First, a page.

Google Analytics allows you to create custom campaigns by utilizing UTM parameters. These are custom parameters that you add to the end of URLs that you are using for specific marketing or advertising campaigns.
Google created an easy to use tool that helps you build URLs with UTM parameters to track your custom campaigns. It even offers tips on how to create your UTM parameters.
For example, a shoe store with a spring sale on running shoes may use the following UTM parameters to create a custom campaign for their sale.
Ultimately, all of the data for your campaign would appear in the all campaigns report under spring_sale. You could click on the spring_sale campaign and see the actual traffic sources and mediums that drove traffic to your website during your campaign.
This can help you ultimately keep track of which campaigns are the most successful for your ecommerce store. In addition, you can go through your most successful campaign data to see what traffic sources actually made the campaign so successful and replicate your strategy for your next campaign.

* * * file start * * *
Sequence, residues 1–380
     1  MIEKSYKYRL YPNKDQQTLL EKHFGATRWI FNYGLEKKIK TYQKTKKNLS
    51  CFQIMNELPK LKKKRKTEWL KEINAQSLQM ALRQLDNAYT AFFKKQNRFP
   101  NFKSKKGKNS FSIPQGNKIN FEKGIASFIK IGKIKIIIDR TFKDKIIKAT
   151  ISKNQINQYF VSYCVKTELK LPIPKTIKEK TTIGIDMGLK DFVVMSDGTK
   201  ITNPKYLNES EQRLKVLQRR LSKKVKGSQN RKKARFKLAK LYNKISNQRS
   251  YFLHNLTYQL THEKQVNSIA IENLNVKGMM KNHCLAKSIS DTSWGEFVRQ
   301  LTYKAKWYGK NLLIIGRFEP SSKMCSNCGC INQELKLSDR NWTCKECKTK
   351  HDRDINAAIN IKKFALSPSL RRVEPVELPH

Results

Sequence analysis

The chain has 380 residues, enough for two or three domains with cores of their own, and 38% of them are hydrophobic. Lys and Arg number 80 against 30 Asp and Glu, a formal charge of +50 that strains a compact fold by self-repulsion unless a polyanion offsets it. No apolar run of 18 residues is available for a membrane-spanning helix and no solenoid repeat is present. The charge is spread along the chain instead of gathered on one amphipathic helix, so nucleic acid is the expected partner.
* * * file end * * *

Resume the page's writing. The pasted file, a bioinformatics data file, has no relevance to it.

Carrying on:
How to Use Your Website Analytics
The goal of finding out where your customers come from is to see which marketing and advertising campaigns drive the most traffic that converts to your website. This is why, if you haven’t already, you need to have Google Analytics with ecommerce reporting set up correctly today. Selz can help!
Start by checking your reports. As you run new marketing and advertising campaigns, review your acquisition reports to see which traffic sources are driving the most sales. Then you can adjust your marketing and advertising strategies accordingly to increase your sales and maximize your return on investment.
Then look for ways to maximize your website traffic. As mentioned earlier, review your top landing pages and find ways to optimize them for conversions.
Focus website visitors on one main goal for each page – directing the visitor to make a purchase, signing up for your email list, or grabbing a discount coupon before they leave. The better you can optimize, the higher your rate of conversions.